Saturday, 16 February 2013

Good news: stateless gay Armenian will be allowed entry back into US

Good news. Finally, after a year of being stuck in a real-life “The Terminal” status, stateless gay Armenian will be allowed entry back into US.  Thanks to UNHCR for following-up this case and assisting Mikhail. And thanks to Global Post for keeping us updated.

This case highlights the lack of legal provisions for stateless people in the US and the need to address this issue asap, and hopefully will help others to regain their human rights.

For more background info, readCNN: Stateless gay Armenian man stuck in American Samoa in real life "The Terminal"

Updates via Global Post:

It’s been more than a year since Mikhail Sebastian became marooned on isolated American Samoa after a vacation gone wrong. Now the gay, stateless man, whose unprecedented situation baffled US immigration authorities and horrified migrant rights advocates, will finally be allowed back home to Los Angeles. Late last week, Sebastian was offered humanitarian parole by United States Citizenship and Immigration Services, a rare status that allows the 39-year-old back onto the mainland while officials figure out next steps in his strange case. His attorneys believe he could be in California by next week once logistical details are worked out.

Sebastian has been stuck on the Pacific US territory since late 2011, but gained worldwide attention after being profiled by GlobalPost last October. A collection of supporters ranging from university professors to immigration attorneys has since pressed officials to allow his return.

“It’s freedom finally,” Sebastian said by phone from American Samoa this week. “I have lived a nightmare here.”

For many in Washington, the coffee barista and former travel agent has become a potent symbol of the broken US immigration system and a voice for the serious problems facing America’s unknown thousands of stateless people — people with no citizenship whatsoever. Up to now, America’s stateless have been largely ignored by policymakers, despite the fact that they are never able to adjust their status under US immigration law and live their lives in a sort-of permanent legal limbo. “What Mikhail has been able to do was bring the issue of statelessness into the light and humanize it,” said Lindsay Jenkins, an assistant protection officer at the United Nations High Commissioner for Refugees’ (UNHCR) US office, which has assisted Sebastian with his case. “This really took a village. It was a great example of how many people are supporting this effort to help the stateless.” [...]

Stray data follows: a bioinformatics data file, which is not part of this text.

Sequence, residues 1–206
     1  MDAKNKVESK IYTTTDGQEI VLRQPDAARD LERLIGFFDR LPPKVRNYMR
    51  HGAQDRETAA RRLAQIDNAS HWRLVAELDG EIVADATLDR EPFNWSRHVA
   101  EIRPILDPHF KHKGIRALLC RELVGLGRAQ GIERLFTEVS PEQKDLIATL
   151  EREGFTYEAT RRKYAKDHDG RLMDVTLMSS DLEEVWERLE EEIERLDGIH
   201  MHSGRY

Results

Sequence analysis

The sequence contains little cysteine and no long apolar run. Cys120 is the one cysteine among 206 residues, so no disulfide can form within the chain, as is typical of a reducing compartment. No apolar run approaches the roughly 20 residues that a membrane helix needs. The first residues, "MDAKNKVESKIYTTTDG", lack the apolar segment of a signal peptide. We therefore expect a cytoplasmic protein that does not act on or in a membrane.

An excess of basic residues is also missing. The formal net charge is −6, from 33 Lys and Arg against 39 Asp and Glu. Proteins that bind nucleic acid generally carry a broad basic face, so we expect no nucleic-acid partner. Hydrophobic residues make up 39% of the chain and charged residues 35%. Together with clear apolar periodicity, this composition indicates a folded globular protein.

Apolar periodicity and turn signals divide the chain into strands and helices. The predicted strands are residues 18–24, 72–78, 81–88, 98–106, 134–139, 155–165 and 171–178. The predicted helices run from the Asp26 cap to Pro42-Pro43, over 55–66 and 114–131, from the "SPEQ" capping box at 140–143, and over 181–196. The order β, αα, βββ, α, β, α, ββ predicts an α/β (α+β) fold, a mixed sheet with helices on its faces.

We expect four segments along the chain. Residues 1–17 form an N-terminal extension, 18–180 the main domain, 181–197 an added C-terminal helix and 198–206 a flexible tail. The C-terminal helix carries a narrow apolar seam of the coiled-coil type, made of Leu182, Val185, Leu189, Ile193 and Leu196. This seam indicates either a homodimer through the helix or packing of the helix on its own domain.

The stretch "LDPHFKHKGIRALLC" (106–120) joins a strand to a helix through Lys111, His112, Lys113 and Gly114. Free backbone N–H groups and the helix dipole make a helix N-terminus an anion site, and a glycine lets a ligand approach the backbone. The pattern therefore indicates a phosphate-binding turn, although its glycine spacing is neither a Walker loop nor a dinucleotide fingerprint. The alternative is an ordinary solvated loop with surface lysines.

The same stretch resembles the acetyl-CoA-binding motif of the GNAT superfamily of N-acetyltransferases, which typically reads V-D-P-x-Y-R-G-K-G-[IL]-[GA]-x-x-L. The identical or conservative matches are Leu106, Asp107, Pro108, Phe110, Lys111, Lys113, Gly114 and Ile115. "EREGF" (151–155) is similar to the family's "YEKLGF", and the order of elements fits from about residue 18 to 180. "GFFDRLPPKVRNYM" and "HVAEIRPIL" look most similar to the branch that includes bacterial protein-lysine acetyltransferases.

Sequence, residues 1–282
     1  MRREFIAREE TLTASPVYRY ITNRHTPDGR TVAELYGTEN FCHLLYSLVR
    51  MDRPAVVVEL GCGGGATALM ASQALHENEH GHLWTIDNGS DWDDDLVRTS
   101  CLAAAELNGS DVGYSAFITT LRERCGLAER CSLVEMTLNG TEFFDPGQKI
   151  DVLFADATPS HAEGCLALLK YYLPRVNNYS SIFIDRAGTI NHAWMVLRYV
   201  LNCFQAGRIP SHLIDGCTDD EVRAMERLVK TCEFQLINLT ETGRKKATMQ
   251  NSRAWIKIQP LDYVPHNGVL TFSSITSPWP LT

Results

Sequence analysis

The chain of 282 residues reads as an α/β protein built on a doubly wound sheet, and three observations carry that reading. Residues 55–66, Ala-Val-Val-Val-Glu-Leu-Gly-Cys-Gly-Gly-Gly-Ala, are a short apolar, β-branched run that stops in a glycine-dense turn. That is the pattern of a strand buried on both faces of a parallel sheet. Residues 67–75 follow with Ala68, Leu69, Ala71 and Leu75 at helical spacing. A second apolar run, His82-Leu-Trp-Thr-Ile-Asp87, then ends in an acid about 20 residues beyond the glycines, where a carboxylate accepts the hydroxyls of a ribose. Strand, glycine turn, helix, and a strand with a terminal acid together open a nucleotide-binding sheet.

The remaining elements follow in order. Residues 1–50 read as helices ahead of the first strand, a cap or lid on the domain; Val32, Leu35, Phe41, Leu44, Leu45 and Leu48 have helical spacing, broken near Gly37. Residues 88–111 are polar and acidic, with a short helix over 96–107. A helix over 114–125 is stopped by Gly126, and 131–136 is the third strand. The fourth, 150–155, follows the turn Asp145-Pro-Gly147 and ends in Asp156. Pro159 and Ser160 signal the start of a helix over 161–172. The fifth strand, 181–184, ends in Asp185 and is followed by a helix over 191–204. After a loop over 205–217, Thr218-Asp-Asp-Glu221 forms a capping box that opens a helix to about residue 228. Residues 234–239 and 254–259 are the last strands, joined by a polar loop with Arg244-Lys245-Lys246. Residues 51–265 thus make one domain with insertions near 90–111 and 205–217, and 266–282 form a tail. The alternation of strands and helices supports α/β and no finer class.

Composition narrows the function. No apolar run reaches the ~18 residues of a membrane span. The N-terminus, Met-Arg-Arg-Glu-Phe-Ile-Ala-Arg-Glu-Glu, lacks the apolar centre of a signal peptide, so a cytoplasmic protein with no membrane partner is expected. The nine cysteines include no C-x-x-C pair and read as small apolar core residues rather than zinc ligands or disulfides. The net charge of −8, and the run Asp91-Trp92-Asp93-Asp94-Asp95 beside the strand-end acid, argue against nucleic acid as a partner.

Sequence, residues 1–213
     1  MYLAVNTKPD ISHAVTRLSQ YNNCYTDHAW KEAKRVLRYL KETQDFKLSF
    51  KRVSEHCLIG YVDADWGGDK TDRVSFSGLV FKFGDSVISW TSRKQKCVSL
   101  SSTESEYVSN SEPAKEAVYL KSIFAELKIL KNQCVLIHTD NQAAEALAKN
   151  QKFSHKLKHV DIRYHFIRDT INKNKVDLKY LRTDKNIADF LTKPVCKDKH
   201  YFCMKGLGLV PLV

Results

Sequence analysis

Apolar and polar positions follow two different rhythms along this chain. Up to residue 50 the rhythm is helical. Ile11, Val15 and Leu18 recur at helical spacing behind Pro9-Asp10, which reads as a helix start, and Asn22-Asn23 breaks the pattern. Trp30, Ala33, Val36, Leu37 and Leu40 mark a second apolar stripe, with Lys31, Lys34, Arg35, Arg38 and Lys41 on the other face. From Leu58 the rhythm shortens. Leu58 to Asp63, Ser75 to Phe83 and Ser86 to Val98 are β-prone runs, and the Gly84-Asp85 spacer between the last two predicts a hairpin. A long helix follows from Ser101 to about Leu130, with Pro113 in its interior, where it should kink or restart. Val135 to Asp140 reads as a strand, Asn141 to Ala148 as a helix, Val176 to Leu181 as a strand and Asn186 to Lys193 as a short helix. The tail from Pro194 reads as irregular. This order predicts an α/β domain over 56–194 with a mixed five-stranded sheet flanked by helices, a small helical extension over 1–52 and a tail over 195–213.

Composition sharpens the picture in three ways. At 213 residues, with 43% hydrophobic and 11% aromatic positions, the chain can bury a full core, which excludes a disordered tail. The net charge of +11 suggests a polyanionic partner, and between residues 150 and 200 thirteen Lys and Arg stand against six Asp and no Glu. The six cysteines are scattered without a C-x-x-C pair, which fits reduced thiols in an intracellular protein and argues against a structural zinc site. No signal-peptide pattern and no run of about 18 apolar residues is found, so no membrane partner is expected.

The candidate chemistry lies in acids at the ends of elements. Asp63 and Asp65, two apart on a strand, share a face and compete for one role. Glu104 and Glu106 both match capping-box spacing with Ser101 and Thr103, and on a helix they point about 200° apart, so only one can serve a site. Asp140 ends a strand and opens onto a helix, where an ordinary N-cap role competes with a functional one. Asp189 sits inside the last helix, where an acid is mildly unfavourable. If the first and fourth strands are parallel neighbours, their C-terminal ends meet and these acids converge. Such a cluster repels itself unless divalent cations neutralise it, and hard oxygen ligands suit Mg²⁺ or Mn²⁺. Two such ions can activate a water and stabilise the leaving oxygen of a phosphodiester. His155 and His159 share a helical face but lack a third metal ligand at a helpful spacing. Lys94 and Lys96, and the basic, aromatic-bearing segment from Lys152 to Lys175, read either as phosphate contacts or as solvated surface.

Sebastian became a minor island celebrity of sorts, said La Poasa, a reporter with the island’s KHJ radio who has covered the case. “I think after our last story, people were like ‘oh my gosh, he’s still here,'” Poasa said. “People are sad to see him go, but are definitely happy at the same time. I know I had some drinks with my friends and we cheered for him.” [...]

Last year, UNHCR launched a campaign that advocates hope could prod Congress to include stateless people in much-discussed comprehensive immigration reform. They want stateless people to be given a path to legal status, or at least travel documents that would allow them to travel outside the United States. Previous attempts at legislative reform, however, have failed repeatedly.
That doesn’t discourage Sebastian who harbors dreams of one day being able to travel freely and gain some sort of legal status. He hopes his case and its successful resolution will have implications for other stateless people who live deep in the shadows of American society. “This isn’t just about me,” Sebastian said. “There are so many people unfairly suffering.”

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